Clinicians have limited ability to classify risk of prolonged hospitalization among patients with lower limb cellulitis.Objective
We sought to identify characteristics associated with days to discharge and prolonged stay.Methods
We conducted retrospective cohort analysis including patients admitted with a primary diagnosis of lower limb cellulitis at community and tertiary hospitals.Results
There were 4224 admissions for lower limb cellulitis among 3692 patients. Mean age of the cohort was 64.4 years. Frequencies of tobacco smoking, obesity, and diabetes mellitus were 25.1%, 44.9%, and 19.3%, respectively. Patients having decreased likelihood of discharge included those with the following: 10-year age increments 0.90 (95% confidence interval [CI] 0.88-0.92), obesity 0.90 (95% CI 0.83-0.97), diabetes mellitus 0.90 (95% CI 0.82-0.98), tachycardia 0.76 (95% CI 0.67-0.85), hypotension 0.77 (95% CI 0.65-0.90), leukocytosis 0.86 (95% CI 0.79-0.93), neutrophilia 0.80 (95% CI 0.73-0.87), elevated serum creatinine 0.74 (95% CI 0.68-0.81), and low serum bicarbonate 0.84 (95% CI 0.75-0.95).Limitations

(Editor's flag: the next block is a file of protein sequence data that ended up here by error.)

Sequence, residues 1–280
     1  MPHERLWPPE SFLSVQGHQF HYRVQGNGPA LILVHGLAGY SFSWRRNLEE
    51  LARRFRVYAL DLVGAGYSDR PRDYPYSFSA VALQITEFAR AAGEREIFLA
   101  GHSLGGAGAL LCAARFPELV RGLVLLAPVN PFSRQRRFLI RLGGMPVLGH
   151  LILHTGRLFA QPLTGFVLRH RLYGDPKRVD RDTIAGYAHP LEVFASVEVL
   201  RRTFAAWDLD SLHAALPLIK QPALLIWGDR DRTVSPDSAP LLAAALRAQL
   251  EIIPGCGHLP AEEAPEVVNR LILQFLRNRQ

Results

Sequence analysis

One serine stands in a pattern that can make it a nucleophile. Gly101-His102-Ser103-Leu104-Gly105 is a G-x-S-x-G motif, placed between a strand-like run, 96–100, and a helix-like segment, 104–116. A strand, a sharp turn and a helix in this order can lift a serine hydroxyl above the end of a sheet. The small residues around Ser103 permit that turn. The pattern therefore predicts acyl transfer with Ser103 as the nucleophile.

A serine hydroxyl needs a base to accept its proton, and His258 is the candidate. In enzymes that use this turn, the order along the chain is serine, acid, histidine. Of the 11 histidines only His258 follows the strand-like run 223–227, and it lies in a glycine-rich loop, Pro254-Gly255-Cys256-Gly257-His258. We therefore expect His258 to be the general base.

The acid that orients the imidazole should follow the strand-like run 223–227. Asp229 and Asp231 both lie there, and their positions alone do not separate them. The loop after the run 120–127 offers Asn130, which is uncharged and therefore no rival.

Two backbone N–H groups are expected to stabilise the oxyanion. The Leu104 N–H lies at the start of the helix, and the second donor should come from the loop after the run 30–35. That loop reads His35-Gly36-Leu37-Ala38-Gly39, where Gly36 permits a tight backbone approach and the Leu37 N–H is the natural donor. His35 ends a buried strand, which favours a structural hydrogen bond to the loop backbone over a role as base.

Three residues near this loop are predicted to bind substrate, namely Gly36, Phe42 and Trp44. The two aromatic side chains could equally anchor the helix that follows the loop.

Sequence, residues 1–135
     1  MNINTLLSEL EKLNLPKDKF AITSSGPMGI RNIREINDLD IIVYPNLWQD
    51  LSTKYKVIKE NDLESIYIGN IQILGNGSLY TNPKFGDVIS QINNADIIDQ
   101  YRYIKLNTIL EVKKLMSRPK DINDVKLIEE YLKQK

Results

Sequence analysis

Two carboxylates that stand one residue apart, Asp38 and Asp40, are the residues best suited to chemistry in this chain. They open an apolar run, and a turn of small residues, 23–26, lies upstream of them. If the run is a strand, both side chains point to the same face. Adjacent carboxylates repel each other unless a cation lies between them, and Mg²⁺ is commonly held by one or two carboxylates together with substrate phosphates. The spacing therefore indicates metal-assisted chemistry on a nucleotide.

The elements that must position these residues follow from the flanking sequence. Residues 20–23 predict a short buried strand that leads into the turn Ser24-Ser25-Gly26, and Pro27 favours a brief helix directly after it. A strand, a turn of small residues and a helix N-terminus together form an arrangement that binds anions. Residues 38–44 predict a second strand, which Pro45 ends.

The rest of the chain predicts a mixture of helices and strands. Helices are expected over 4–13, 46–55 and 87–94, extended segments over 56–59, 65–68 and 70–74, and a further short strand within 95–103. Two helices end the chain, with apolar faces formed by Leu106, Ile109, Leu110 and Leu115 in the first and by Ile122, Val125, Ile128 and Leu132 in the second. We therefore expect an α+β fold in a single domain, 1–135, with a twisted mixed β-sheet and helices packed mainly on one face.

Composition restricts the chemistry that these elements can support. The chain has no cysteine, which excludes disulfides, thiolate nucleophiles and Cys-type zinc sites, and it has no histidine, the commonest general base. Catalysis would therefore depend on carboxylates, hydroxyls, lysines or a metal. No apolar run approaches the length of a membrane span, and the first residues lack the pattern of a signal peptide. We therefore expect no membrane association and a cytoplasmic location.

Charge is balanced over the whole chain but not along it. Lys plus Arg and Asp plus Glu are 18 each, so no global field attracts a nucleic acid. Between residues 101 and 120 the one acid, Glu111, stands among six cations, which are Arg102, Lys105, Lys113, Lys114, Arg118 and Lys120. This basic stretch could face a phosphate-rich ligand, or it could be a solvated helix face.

This analysis is retrospective and based on coded data. Unknown confounding variables may also influence prolonged stay.Conclusions
Patients with lower limb cellulitis and prolonged stay have a number of clinical characteristics which may be used to classify risk for prolonged stay.